On citizenship, the Constitution reigns supreme
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“All persons born or naturalized in the United States … are citizens of the United States…” — 14th Amendment to the United States Constitution

There are many Americans who do not believe in the Constitution of the United States and the 14th Amendment particularly draws their disdain.

For more than a century-and-a-half these people have convinced Congress to withhold or cancel citizenship or to deport people for little reason.

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The United States Supreme Court has even bent to the anti-immigrant will and influence making, issuing obnoxious rulings based on racial considerations (Dred Scott v. Sanford, United States v. Bhagat Singh Thind and Korematsu v. United States).

 

Anti-immigrant people have been with us since the beginning. Founding Father Benjamin Franklin lamented immigrants from Germany for not learning English and for their Roman Catholicism.

The anti-immigrant fervor spiked when Irish Catholics flowed into the United States in the 1840s and took form in the Know-Nothing political party that swept much of the country electing governors and congressmen.

The political effects of the Know-Nothing movement: The original 1790 citizenship law that allowed “free and white” people to become citizens was set aside by the post-Civil War Naturalization Act of 1870. It restricted citizenship specifically to “Caucasians and Africans.” Then came the Chinese Exclusion Act of 1882 and the “Gentlemen’s Agreement” President Teddy Roosevelt forced on Japan to end Japanese immigration.

Infamous Supreme Court decisions followed, in which the Court perpetuated racism by law.

In the case of Singh, a man from from India became a citizen claiming he was “white” on his application; his citizenship was revoked under the Naturalization Act of 1906.

The Court ruled he wasn’t “white” as commonly defined and as the Act required. India’s Indians were not permitted to become citizens until 1946. The Chinese beat them by three years.

In Korematsu v. United States, the Court ruled that the U.S. could declare an entire racial group dangerous enough during a time of war to incarcerate it on national security grounds. Some 120,000 Japanese nationals and Japanese American citizens were detained.

Associate Justice Frank Murphy wrote in his dissent to the 6-3 Korematsu decision: This is “one of the most sweeping and complete deprivations of constitutional rights in the history of this nation … I dissent, therefore, from this legalization of racism.” The Court has never overturned Korematsu.

Despite the courts making spectacularly wrong decisions based on race (e.g. Dred Scott, Singh and Korematsu), two late 19th century decisions make up for them.

In 1897, Texans challenged the swearing-in of American citizen-to-be Mexican Ricardo Rodriguez. He didn’t meet the “Caucasian or African” definition of the 1872 Citizenship Act.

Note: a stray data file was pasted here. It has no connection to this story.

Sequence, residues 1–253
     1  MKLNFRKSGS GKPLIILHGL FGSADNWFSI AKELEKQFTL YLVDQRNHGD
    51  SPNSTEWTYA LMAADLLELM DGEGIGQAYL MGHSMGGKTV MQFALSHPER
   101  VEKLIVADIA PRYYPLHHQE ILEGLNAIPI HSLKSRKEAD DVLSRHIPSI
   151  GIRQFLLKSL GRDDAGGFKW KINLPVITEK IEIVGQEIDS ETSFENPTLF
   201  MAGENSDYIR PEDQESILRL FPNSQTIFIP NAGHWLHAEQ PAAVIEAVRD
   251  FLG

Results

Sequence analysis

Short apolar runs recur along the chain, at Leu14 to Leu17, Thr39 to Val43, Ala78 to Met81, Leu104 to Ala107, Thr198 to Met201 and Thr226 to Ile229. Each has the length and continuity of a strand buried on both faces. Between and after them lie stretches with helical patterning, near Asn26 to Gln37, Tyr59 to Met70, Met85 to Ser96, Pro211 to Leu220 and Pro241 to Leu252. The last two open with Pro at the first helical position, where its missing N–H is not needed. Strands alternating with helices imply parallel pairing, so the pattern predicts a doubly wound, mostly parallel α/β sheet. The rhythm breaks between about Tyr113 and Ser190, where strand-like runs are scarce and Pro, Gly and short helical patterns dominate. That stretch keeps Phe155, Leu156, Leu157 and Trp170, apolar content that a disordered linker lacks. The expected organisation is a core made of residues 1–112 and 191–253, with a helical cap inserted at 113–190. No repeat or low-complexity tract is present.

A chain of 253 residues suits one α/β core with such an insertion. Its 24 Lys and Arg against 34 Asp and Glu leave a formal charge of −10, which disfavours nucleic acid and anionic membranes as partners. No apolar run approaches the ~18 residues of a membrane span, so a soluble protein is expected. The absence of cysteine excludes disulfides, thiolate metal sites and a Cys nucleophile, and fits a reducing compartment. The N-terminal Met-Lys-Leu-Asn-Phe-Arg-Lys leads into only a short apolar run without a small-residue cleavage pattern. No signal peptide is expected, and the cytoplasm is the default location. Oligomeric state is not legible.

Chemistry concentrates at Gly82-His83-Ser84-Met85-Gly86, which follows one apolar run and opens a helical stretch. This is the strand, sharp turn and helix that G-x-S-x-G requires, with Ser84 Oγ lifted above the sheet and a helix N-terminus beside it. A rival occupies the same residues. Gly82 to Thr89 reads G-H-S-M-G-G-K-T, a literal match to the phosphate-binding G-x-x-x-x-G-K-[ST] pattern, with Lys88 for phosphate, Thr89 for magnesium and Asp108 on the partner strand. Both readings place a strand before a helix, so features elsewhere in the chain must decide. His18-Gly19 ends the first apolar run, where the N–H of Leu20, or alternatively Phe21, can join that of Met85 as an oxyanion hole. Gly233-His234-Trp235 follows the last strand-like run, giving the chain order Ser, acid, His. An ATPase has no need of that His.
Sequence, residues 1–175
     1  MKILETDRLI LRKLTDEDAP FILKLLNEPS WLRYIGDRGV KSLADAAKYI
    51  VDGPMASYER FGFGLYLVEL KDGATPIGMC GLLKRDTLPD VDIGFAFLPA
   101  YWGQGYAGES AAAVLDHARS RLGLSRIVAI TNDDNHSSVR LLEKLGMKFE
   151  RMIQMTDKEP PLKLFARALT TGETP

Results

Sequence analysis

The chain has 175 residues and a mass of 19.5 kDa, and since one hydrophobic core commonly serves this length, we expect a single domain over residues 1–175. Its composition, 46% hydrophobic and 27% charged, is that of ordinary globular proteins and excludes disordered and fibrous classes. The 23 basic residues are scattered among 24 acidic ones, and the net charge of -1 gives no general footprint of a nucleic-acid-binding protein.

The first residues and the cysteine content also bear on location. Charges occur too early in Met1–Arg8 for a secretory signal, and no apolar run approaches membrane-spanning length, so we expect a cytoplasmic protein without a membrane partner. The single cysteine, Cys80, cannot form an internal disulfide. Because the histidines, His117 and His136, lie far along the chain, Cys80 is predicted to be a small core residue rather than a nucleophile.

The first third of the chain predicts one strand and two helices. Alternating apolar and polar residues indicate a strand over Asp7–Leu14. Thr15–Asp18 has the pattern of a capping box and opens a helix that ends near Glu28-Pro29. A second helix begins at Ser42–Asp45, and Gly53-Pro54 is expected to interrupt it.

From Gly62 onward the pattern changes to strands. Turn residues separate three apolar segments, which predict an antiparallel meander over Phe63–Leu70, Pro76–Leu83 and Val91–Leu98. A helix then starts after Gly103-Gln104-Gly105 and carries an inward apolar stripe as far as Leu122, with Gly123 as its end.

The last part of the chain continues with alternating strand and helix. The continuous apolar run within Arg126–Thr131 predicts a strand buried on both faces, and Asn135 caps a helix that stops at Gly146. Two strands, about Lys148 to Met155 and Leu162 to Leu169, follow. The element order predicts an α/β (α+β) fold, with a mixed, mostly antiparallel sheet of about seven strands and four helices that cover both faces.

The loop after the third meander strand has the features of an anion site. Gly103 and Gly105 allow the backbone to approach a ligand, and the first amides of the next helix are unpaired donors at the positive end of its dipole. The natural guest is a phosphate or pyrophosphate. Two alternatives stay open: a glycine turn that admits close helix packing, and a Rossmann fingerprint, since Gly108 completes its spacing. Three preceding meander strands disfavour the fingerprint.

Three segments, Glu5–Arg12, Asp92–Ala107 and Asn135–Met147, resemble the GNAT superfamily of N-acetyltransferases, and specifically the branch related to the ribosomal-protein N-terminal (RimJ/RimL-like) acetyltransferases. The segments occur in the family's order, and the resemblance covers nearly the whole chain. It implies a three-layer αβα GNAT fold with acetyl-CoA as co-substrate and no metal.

Federal judge Thomas Maxey heard the case and then ruled that many Mexicans were automatically made citizens by the 1848 Treaty of Guadalupe that ended the Mexican and American War. The treaty preempted any law. He ruled for Rodriguez.

The following year the Supreme Court ruled that a San Francisco-born man whose parents were Chinese nationals unable to become citizens was a citizen despite his parent’s inability.

The Wong Kim Ark (1898) case clearly defined natural born citizenship as per the 14th Amendment to the Constitution. If you are born here, you are a citizen despite your parent’s situation with three exceptions: The parent is a foreign diplomat, if the child is born on a foreign-flagged ship to non-citizens, or if a parent is part of an invading military force.

In June, the Supreme Court in a 5-4 decision (Maslenjak v. the United States) ruled that the United States cannot revoke citizenship because the citizen lied on citizenship applications if the lie was immaterial to the decision to grant citizenship.

This follows a famous 1967 decision, Afroyim v. Rusk. Beys Afroyim immigrated to the United States from Russian-occupied Poland in 1912. He became a naturalized citizen in 1926. In 1950 he went to Israel. He voted in Israeli elections.

In 1960 he applied for passport renewal and the State Department denied his renewal. The government claimed he violated Section 401(e) of the 1940 Nationality Act by voting in a foreign election. He sued and lost in district court and in the 2nd Circuit Court.

The U.S. Supreme Court overturned the lower courts (5-4) in 1967. Congress, the court declared, has no general power to revoke citizenship without consent of the citizen; only the citizen may “voluntarily relinquish citizenship.”

The 5-4 decision stated: “The 14th Amendment’s provision that "All persons born or naturalized in the United States … are citizens of the United States…" completely controls the status of citizenship, and prevents the cancellation of petitioner’s citizenship.”

These decisions make it clear there is a higher power than Congress or the president. It is the Constitution of the United States complete with its 14th Amendment that clearly states: “All persons born or naturalized in the United States … are citizens of the United States…”

Period. It means what it says.

Raoul Lowery Contreras is the author of “The Armenian Lobby & American Foreign Policy”and “The Mexican Border: Immigration, War and a Trillion Dollars in Trade.” His work has appeared in the New American News Service of the New York Times Syndicate.


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